The closely related species of the Lactobacillus casei group (L. casei, L. paracasei and L. rhamnosus) are extensively studied because of their applications in food fermentations and as probiotics. Our results, now published in mSystems, show that many strains in this group are incorrectly classified. Surprisingly many bacteria classified as L. casei are misclassified and should be relabeled as L. paracasei instead. We found that reclassifying them to their most closely related type strain improves the functional predictive power of their taxonomy.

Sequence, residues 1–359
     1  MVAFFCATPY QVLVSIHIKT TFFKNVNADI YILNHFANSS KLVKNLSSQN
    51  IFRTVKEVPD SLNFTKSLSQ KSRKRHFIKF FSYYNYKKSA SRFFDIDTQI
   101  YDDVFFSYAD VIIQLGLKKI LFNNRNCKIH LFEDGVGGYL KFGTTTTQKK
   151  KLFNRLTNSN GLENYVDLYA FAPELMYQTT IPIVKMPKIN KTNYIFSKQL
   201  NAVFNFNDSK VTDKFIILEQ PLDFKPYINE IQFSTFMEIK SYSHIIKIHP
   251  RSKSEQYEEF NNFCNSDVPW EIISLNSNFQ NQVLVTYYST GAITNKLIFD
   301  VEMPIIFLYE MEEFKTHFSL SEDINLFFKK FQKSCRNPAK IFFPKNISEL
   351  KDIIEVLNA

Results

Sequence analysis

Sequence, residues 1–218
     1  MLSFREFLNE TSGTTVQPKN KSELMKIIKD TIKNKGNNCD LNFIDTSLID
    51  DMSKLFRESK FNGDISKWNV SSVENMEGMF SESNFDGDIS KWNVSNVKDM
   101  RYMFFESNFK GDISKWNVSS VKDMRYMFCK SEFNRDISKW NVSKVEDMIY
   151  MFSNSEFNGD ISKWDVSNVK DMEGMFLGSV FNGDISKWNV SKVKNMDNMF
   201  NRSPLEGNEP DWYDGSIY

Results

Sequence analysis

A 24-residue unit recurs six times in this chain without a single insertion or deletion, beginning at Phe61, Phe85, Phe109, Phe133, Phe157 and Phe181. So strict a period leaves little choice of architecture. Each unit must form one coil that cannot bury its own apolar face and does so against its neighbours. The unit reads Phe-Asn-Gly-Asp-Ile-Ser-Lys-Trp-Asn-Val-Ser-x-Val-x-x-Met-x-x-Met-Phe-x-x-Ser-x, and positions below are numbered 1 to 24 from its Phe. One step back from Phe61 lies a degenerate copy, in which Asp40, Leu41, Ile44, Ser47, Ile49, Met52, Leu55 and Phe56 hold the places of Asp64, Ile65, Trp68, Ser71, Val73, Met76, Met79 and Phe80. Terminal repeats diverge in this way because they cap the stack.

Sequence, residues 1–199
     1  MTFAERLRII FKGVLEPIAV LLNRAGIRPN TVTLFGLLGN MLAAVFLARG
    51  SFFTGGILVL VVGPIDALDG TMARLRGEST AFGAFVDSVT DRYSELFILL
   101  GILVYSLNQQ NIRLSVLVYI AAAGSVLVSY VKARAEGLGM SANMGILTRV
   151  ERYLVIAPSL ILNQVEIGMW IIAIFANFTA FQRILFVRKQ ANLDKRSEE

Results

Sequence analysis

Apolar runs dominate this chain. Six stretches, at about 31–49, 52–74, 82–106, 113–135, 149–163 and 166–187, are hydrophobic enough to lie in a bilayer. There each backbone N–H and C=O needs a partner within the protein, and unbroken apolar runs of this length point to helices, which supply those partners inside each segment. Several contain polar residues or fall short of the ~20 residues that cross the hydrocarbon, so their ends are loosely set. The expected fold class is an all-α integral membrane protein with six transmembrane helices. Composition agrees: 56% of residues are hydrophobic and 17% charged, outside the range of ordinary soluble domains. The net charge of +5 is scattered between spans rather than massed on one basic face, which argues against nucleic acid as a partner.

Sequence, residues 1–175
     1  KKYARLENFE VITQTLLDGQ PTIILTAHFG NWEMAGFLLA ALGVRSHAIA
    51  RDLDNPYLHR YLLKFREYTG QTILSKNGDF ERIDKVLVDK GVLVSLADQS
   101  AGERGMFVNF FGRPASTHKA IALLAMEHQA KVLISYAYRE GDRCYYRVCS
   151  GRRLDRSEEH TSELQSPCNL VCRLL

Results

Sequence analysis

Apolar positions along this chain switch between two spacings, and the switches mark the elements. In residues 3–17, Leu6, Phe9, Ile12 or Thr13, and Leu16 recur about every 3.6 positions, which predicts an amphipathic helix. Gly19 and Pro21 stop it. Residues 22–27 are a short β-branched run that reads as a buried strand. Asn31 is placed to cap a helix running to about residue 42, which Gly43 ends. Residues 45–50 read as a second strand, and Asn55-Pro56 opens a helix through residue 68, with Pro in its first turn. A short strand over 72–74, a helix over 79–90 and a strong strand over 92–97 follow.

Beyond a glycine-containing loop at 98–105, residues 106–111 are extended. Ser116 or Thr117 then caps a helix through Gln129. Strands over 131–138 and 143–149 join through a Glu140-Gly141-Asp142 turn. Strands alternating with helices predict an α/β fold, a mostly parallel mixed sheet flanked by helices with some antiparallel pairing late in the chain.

In addition, our findings may spark increased interest in the L. casei species. We found that after reclassification, only 10 genomes remain classified as L. casei. Moreover, these strains show very interesting properties. First, they all appear to be catalase positive. This suggests that they have an increased oxidative stress resistance. Second, we isolated a L. casei strain, AMBR2, from the human upper respiratory tract and discovered that it harbors one or even two large, glycosylated putative surface adhesins. This might inspire further exploration of this strain as a potential probiotic organism.
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